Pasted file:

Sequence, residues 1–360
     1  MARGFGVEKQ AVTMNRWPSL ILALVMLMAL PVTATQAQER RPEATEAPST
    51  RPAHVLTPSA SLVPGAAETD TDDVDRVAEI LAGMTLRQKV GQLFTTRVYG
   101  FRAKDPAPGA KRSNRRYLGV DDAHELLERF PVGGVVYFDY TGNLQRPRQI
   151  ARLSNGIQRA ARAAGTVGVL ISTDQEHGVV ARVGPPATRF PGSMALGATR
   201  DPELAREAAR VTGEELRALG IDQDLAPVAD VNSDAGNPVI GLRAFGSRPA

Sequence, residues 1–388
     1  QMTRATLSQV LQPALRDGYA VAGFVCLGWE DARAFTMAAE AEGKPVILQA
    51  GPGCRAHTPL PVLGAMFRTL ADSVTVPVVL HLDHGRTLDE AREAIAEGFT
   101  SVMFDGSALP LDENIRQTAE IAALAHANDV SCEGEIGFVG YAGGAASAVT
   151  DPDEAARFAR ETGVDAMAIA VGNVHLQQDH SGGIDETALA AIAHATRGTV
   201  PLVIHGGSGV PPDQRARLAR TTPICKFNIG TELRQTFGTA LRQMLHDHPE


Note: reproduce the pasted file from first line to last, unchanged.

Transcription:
Sequence, residues 1–360
     1  MARGFGVEKQ AVTMNRWPSL ILALVMLMAL PVTATQAQER RPEATEAPST
    51  RPAHVLTPSA SLVPGAAETD TDDVDRVAEI LAGMTLRQKV GQLFTTRVYG
   101  FRAKDPAPGA KRSNRRYLGV DDAHELLERF PVGGVVYFDY TGNLQRPRQI
   151  ARLSNGIQRA ARAAGTVGVL ISTDQEHGVV ARVGPPATRF PGSMALGATR
   201  DPELAREAAR VTGEELRALG IDQDLAPVAD VNSDAGNPVI GLRAFGSRPA

Sequence, residues 1–388
     1  QMTRATLSQV LQPALRDGYA VAGFVCLGWE DARAFTMAAE AEGKPVILQA
    51  GPGCRAHTPL PVLGAMFRTL ADSVTVPVVL HLDHGRTLDE AREAIAEGFT
   101  SVMFDGSALP LDENIRQTAE IAALAHANDV SCEGEIGFVG YAGGAASAVT
   151  DPDEAARFAR ETGVDAMAIA VGNVHLQQDH SGGIDETALA AIAHATRGTV
   201  PLVIHGGSGV PPDQRARLAR TTPICKFNIG TELRQTFGTA LRQMLHDHPE